Is This Woman Actually "Mad"? Results Inconclusive, Fascinating

It seems we're not the only ones obsessed with professional oversharer, food-phobic, American-and-child-hater Liz Jones. Begins a tart profile in the Guardian, "Is Liz Jones mad? I'm not sure. She certainly looks a bit mad." But that's just for starters:

The first thought about Rachel Cooke's profile was, "man, these British journalists are harsh!" Take this description of the 50-year-old Mail masochist: "She is seemingly addicted to fake tan, so she is always a slightly unnatural shade of caramel. She has suffered from anorexia since she was a child, so her round face has always been balanced on a preternaturally thin body."

I mean, don't get me wrong, Jones dishes it out. This is the woman who's called children "germ-brewing sprogs," American women "mindbogglingly stupid" and one politician's wife's outfit as "befitting a six-year-old with attention deficit disorder" with the makeup of an "Eastern Europe refugee." Jones' persistent self-flagellation and orange-levels of overexposure have led more than one reader to question her stability. Most recently, Jones has penned a memoir, The Exmoor Files: How I Lost A Husband and Found Rural Bliss, which chronicles her brutal divorce (with which regular readers are all too familiar) and the healing effects of buying a bucolic farm and relocating there to live with a number of rescue animals, including a cat ("my fur baby"), a dog ("my new boyfriend") and the horses, one of them agoraphobic, who wear boots, require the services of masseur, chiropractic and psychic.

This, you see, is in contrast to a life in which Jones' OCD got out of control (she vacuumed her lawn) and her marriage degenerated into recrimination and desperation. (Her attempts to keep it going, says Cooke, "included oral sex on demand: 'I didn't even stop when one of my sharp back teeth caused an ulcer.'") The new life, according to the memoir, though, feels anything but idyllic. Indeed, Cooke calls it "neurotic, incontinent, contradictory." Because Jones' oversharing has not changed. (Her latest column deals with her plastic surgeries and the sadness of aging.) Says the article,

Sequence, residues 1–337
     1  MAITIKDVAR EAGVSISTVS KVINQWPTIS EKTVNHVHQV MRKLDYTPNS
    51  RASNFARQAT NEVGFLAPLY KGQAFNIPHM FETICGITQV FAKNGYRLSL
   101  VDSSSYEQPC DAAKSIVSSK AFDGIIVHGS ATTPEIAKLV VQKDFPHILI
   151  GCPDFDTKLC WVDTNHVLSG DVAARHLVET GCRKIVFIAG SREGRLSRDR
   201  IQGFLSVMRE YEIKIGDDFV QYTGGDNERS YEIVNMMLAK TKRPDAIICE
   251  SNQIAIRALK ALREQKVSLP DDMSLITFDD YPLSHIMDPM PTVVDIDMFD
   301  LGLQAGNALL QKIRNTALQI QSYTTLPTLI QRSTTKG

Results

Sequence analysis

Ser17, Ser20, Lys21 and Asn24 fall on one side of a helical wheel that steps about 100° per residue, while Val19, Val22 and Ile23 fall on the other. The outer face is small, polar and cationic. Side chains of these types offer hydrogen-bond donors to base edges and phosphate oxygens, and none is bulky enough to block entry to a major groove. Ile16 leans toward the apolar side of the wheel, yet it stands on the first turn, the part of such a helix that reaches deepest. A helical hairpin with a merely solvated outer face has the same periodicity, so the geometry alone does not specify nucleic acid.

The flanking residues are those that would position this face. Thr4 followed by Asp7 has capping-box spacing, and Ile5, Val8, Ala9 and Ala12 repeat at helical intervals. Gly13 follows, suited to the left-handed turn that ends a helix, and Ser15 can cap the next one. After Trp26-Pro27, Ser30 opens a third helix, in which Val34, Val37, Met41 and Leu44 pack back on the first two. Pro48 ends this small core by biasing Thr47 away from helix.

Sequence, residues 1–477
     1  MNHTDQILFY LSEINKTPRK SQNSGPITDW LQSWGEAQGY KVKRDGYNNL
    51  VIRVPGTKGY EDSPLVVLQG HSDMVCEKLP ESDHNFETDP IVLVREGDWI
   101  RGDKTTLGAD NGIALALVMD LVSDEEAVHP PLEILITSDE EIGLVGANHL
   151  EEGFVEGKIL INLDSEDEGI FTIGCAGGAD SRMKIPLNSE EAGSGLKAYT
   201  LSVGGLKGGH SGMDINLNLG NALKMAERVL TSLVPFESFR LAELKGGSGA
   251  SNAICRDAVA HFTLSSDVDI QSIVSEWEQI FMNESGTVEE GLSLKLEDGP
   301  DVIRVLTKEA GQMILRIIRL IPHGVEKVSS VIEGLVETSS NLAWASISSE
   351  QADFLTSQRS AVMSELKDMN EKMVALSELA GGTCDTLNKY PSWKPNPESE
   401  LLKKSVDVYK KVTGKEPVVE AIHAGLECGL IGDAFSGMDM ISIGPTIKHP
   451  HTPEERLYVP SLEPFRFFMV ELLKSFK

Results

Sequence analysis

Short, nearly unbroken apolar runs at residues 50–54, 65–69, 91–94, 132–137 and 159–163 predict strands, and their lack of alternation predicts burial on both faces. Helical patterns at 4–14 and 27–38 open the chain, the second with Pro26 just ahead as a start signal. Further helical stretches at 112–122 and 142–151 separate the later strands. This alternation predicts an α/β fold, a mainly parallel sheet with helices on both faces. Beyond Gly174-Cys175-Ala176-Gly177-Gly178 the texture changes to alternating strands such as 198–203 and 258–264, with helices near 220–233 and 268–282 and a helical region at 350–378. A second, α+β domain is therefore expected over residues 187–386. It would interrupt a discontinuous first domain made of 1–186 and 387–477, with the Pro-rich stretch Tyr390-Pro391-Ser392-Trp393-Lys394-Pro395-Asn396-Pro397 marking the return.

In Somerset locals have taken exception to the fact that she has written that none of the menfolk over about 40 are in possession of their own teeth, and that the food served in local pubs is heated-up rubbish. She has also described her violent crush on a man whose wife is one of the few locals to have been friendly to her.

So, what's with the urge towards masochism? As the article points out, "the kind of writing she does leaves her marooned on a sad little island of self from which there is, apparently, no way back to shore." Jones says she's lost all her friends, wants no love life (she finds sex "quite tiring and repetitive... it's such an odd thing to do") and is miserable, but she doesn't want the therapeutic intervention many a concerned reader has suggested. "I don't want to be sorted out. This is who I am...You have to have a certain amount of self-esteem to think you're worth saving. I don't care about myself enough to change." The author is highly skeptical about the combination of ego and allegedly low self-esteem that characterizes Jones' columns - a mix of self-pity, self-denigration and obvious self-obsession - but it doesn't seem weird to me. Jones is a deeply unhappy woman, with the narcissist's conviction that she's speaking for others who lack the courage to admit what she does, but she couldn't have the career she does if we didn't want it.

Sylvia Plath is often maligned for launching a thousand confessionals, but it was she who said, "One should be able to control and manipulate experiences, even the most terrifying, like madness...with an informed or intelligent mind...it should be relevant." As art, yes; as entertainment, the three-car-pileup voyeurism will do just fine, thanks. Jones is among the most extreme example of this phenomenon, and perhaps the most disturbing, but she's hardly unique. What is perhaps most distressing about her is that it's hard to know - probably for her as well as us - where the reality ends and the story begins. Surely she heightens the drama of her responses, but at what point does that effect those responses? And then too, putting it out there in such a public way, and refusing to treat obvious problems, normalizes - even legitimizes - them for readers: what, 50 years ago, would have seemed mad, is now quotidian, and it's a vicious cycle. If Jones is really unwell, her column is unethical. If she's not, it's manipulative. The truth, probably, lies somewhere between the two. We were glad to learn, though, that she likes Irene Dunne screwball comedies; no life containing The Awful Truth can be all bad.


Enough about me
[Guardian]
Question Time: Liz Jones, Fashion Editor [Independent]
Rupert Everett Looks Great, But I'd Rather Grow Old Gracefully Over A Long Lunch Or Two [Daily Mail]
Sylvia Plath Interview [YouTube]